Identification of common differentially expressed genes in urinary bladder cancer.
PLoS One. 2011; 6(4):e18135 [PubMed] Free Access to Full Article Related Publications
BACKGROUND: Current diagnosis and treatment of urinary bladder cancer (BC) has shown great progress with the utilization of microarrays.
PURPOSE: Our goal was to identify common differentially expressed (DE) genes among clinically relevant subclasses of BC using microarrays.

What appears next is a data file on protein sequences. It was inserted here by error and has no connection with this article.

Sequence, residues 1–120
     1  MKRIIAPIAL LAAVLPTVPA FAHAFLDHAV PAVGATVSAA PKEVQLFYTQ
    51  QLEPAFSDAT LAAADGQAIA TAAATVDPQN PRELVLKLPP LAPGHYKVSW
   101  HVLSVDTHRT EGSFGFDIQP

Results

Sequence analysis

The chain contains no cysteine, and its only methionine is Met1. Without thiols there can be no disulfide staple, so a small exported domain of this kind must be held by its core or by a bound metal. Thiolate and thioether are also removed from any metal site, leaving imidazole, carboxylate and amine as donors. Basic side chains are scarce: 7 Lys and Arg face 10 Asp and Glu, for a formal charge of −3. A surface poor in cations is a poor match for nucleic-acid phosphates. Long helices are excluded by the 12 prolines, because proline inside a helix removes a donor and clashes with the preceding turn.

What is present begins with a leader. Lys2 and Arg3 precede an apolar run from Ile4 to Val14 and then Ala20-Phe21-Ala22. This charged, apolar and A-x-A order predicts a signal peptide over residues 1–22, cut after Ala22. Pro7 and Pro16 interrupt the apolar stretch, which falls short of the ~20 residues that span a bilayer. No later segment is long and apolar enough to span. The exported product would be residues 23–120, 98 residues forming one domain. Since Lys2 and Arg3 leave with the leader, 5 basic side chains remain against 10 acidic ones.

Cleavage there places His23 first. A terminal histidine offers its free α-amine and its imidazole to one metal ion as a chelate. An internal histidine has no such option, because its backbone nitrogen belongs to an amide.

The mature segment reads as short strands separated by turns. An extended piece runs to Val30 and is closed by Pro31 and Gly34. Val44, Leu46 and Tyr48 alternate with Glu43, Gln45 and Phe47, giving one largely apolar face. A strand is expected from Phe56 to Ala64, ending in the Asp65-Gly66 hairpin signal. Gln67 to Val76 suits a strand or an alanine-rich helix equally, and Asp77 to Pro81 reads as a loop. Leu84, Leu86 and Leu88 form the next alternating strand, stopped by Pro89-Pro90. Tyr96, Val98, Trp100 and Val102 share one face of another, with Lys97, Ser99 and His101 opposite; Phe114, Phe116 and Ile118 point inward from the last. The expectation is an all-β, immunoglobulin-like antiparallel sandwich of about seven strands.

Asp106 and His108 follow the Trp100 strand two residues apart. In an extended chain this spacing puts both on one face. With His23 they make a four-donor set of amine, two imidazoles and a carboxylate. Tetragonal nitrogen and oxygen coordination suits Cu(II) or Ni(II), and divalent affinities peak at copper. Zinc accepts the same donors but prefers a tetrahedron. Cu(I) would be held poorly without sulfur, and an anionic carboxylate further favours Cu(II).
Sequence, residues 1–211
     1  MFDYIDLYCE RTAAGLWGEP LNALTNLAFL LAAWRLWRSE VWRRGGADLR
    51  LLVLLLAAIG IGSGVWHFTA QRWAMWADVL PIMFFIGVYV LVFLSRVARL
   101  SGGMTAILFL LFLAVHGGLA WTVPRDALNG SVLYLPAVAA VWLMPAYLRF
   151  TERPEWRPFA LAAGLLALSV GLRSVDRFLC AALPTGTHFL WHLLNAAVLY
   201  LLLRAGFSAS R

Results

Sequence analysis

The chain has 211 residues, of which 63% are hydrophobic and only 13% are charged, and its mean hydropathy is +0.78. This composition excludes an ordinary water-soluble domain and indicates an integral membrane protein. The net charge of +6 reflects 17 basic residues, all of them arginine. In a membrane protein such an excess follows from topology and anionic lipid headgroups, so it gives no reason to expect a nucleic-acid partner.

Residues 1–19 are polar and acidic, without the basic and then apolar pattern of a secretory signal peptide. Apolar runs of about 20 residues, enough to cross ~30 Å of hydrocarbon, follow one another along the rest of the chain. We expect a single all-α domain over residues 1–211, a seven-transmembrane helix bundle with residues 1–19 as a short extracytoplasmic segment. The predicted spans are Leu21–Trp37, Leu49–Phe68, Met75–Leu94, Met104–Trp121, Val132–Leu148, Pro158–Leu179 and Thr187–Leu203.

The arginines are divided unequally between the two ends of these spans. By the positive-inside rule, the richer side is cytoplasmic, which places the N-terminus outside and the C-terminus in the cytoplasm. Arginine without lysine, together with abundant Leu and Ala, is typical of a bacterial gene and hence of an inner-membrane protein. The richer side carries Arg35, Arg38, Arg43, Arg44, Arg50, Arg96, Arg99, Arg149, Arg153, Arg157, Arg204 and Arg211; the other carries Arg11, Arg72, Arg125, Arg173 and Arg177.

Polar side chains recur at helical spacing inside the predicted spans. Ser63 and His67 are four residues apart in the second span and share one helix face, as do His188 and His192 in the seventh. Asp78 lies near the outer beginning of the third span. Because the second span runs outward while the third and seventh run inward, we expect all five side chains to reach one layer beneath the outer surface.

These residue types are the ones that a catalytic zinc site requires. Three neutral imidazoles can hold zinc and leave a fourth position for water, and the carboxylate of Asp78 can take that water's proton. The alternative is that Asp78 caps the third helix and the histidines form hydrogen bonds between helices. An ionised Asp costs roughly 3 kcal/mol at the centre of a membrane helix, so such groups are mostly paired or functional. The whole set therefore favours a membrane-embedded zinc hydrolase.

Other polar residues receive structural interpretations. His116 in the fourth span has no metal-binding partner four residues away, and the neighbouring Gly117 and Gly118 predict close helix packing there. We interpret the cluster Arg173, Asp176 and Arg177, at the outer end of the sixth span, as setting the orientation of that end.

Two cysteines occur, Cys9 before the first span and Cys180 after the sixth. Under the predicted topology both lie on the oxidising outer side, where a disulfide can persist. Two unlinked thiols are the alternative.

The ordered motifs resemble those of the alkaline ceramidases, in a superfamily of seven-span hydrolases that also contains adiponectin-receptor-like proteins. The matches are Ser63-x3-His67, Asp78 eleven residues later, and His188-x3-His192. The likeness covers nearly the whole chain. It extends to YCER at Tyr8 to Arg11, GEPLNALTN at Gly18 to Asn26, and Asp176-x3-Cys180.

METHODOLOGY/PRINCIPAL FINDINGS: BC samples and controls, both experimental and publicly available datasets, were analyzed by whole genome microarrays. We grouped the samples according to their histology and defined the DE genes in each sample individually, as well as in each tumor group. A dual analysis strategy was followed. First, experimental samples were analyzed and conclusions were formulated; and second, experimental sets were combined with publicly available microarray datasets and were further analyzed in search of common DE genes. The experimental dataset identified 831 genes that were DE in all tumor samples, simultaneously. Moreover, 33 genes were up-regulated and 85 genes were down-regulated in all 10 BC samples compared to the 5 normal tissues, simultaneously. Hierarchical clustering partitioned tumor groups in accordance to their histology. K-means clustering of all genes and all samples, as well as clustering of tumor groups, presented 49 clusters. K-means clustering of common DE genes in all samples revealed 24 clusters. Genes manifested various differential patterns of expression, based on PCA. YY1 and NFκB were among the most common transcription factors that regulated the expression of the identified DE genes. Chromosome 1 contained 32 DE genes, followed by chromosomes 2 and 11, which contained 25 and 23 DE genes, respectively. Chromosome 21 had the least number of DE genes. GO analysis revealed the prevalence of transport and binding genes in the common down-regulated DE genes; the prevalence of RNA metabolism and processing genes in the up-regulated DE genes; as well as the prevalence of genes responsible for cell communication and signal transduction in the DE genes that were down-regulated in T1-Grade III tumors and up-regulated in T2/T3-Grade III tumors. Combination of samples from all microarray platforms revealed 17 common DE genes, (BMP4, CRYGD, DBH, GJB1, KRT83, MPZ, NHLH1, TACR3, ACTC1, MFAP4, SPARCL1, TAGLN, TPM2, CDC20, LHCGR, TM9SF1 and HCCS) 4 of which participate in numerous pathways.